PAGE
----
THE PHANTOM OF THE OPEN HEARTH
A Film For Television
Co-ordinated by Leigh Brown
Introduction to the Film Script by Jean Shepherd
This book documents the first part of a trilogy of 90-minute television films based on some of Shepherd’s short stories. One might wonder what Leigh did to be the “coordinator,” but it’s nice to see her get some credit for all the hard work she obviously did over the years on behalf of Shep’s creative works. The book has many black-and-white stills from the production, interspersed with the script. The intro is about twelve pages long, so Shep seemed to care about it a lot:
Since this was a comedy, director Fred Barzyk and I worked together very closely on every scene. My humor is not the one-line insult-joke style of, say Rhoda or M*A*S*H but rather humor that arises out of inflection, a character’s attitude, the predicament he’s in, and the constant struggle to remain afloat in a sea of petty disasters….
The Narrator is actually the voice of Ralph, grown up, but at the same time he is somehow mysteriously, in communication with the viewer. The viewer then becomes the second half of a dialogue between the Narrator and himself. The Narrator is both viewing the scene as it occurred or as he lived it and commenting to you about it, but never directly.
One will note this Narrator-technique used by Shepherd in 1976 (two years before the script version was published). One will recognize that technique as it was used again by Shepherd in the movie A Christmas Story in 1983, and then by others appropriating it without attribution for the TV sitcom The Wonder Years starting in 1988. More about this in my EYF! Ah, what a sad story that is–but back in 1978 Shep could not know of the malingering distress it would cause him, what internal kerfuffle.
[Side note: The technique of the Narrator that Shepherd used, and the tone of that narrator’s style in The Wonder Years, were essential parts of why the series was so good and why it was so popular. For years enthusiasts, frustrated, longed for its availability on DVD or in some other form. It was said that the many contemporaneous musical clips from the turbulent era depicted (the late 1960s and early 1970s) would cost too much to gain permission to use. Recently, parts of the series appeared on Netflix. Oh joy? No, not quite. 1. Opening musical theme, Joe Cocker’s rendition of The Beatles’ “A Little Help From My Friends,” was mimicked well by another voice, but not quite the same; 2. A majority of the rock and roll musical clips–that were important to set the scene and, indeed, provide a touch of ironic leitmotif–are absent; 3. The original Narrator is gone, replaced by another voice that misses the tone that had contributed so much to the original.]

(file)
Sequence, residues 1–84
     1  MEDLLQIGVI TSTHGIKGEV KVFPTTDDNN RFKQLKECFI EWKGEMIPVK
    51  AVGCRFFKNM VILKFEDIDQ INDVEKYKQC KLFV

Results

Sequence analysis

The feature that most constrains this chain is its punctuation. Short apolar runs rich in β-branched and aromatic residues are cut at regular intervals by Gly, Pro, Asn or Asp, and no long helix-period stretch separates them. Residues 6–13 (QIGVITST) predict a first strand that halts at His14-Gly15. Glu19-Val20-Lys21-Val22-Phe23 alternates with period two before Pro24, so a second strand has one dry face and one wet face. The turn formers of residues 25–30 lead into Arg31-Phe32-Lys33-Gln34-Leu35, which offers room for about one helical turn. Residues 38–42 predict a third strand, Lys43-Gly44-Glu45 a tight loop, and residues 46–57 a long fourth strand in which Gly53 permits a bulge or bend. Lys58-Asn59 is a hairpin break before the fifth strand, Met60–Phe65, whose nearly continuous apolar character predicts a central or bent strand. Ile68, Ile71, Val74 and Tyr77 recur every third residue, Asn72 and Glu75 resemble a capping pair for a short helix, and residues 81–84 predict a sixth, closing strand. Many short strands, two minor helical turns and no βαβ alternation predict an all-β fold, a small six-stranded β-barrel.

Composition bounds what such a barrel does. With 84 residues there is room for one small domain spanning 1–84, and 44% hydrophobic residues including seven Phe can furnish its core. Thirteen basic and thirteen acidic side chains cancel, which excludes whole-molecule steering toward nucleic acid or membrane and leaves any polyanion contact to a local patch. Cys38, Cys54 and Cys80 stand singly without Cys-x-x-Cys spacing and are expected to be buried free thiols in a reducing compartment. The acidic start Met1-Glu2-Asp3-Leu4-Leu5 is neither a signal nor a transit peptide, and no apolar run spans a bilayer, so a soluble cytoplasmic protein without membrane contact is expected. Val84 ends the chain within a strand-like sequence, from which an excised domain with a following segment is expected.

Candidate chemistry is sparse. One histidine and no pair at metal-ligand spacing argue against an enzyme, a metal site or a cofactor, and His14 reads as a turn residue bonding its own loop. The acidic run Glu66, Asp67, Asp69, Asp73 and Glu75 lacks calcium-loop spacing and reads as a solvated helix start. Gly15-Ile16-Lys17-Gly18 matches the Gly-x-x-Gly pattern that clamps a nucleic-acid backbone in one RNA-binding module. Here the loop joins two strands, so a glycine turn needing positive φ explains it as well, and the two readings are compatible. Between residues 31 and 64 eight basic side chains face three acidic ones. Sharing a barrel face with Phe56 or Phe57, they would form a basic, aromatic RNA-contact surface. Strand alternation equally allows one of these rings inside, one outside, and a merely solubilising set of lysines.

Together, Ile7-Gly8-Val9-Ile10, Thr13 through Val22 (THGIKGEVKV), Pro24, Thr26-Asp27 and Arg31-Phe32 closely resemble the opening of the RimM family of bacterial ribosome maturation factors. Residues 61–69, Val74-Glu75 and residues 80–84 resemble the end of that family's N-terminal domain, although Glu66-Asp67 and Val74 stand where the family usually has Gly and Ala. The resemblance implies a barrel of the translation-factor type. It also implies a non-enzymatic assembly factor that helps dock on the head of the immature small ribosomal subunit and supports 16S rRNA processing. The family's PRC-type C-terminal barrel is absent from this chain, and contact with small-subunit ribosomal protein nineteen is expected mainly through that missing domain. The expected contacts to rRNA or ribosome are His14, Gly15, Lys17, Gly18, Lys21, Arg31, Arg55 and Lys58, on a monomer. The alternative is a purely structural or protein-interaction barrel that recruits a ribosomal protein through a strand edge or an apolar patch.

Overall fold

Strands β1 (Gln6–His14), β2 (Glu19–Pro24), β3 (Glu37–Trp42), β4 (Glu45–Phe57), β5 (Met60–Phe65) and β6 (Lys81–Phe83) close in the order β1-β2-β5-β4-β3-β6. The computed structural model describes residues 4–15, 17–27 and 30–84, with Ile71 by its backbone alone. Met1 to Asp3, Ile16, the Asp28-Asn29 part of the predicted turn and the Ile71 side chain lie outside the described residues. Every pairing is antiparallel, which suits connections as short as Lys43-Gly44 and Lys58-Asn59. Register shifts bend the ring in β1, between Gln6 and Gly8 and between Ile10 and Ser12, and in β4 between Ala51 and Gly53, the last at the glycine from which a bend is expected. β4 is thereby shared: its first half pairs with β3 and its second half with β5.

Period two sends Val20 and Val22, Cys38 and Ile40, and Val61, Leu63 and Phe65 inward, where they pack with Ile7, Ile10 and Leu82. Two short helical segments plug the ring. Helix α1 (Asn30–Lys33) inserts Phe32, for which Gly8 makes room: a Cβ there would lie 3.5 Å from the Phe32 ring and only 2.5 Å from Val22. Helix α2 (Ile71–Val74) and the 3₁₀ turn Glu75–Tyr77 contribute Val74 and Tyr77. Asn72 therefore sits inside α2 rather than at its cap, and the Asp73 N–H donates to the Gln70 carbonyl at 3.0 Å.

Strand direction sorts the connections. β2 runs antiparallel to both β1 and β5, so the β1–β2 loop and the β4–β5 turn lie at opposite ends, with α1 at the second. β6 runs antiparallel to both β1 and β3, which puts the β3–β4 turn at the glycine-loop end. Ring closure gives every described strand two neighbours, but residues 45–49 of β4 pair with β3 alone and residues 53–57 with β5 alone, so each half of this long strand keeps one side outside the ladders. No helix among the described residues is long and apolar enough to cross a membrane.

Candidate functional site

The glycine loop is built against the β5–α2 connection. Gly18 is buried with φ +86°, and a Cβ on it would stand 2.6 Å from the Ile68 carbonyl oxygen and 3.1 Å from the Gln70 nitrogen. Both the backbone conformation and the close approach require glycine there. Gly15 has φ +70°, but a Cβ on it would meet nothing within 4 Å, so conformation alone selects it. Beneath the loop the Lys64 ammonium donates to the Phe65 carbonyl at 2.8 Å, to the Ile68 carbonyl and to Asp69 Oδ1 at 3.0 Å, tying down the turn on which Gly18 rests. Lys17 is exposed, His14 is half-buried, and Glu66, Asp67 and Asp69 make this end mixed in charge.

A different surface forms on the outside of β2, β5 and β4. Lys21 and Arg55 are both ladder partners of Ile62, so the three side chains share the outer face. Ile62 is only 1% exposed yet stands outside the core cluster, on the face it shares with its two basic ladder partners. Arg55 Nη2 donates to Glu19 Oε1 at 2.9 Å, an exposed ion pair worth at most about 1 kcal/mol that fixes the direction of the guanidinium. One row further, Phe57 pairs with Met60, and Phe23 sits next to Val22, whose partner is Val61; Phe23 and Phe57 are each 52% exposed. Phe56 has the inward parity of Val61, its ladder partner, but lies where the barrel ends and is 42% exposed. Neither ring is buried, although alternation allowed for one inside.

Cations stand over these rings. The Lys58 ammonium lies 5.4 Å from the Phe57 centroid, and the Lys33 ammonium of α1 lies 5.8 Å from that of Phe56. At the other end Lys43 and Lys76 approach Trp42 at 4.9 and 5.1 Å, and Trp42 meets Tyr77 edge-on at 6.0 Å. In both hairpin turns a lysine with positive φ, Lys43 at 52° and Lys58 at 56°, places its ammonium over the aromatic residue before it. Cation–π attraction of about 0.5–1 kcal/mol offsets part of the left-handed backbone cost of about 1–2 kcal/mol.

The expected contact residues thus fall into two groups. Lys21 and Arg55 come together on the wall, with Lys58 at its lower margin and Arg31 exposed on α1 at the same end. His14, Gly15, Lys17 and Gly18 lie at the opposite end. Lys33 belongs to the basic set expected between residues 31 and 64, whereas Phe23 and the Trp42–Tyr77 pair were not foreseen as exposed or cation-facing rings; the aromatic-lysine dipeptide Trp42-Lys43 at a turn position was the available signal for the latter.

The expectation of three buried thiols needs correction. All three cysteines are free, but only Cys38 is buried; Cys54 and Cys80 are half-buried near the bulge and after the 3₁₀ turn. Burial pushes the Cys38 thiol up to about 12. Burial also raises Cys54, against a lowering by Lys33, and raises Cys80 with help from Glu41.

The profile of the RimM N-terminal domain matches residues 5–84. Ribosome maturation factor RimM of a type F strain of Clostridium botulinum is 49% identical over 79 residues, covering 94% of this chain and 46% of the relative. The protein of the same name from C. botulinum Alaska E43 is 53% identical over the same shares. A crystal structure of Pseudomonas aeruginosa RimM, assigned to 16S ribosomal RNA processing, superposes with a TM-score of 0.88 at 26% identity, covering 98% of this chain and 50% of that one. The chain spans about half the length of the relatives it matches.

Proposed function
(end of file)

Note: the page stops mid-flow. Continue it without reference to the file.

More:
♥♥♥♥In mid-February a company announced the upcoming production of the complete Wonder Years series that suggests they are fixing all the problems and will produces it exactly as originally broadcast–I hope so!♥♥♥♥
[Another side note: I just encountered a newer sitcom that uses the narrator-looking-back-on-his-childhood–“The Goldbergs.” The one episode I watched was better than most sitcoms, but that’s not necessarily saying much. I have not found any acknowledgement that the narrator-technique comes from Shep.]
NEW JERSEY RESTAURANT GUIDE
by (?) Ruth Alden
Nobody I’ve encountered knows a damn thing about this book. I’ve done some futile research and that’s about it. Why would Shep have been interested in a NJ restaurant guide? Here are two maybes: 1. He often made fun of Jersey and lived for a while in Jersey, so he must have eaten in some restaurants there; 2. Lois Nettleton, his wife from late 1960 to about 1967 says that he was such a gourmet cook that she happily cleaned up after his mess in the kitchen–there’s a surprise talent of our ol’ Shep! (Greatly appreciated would be knowledge of what he wrote for the book.)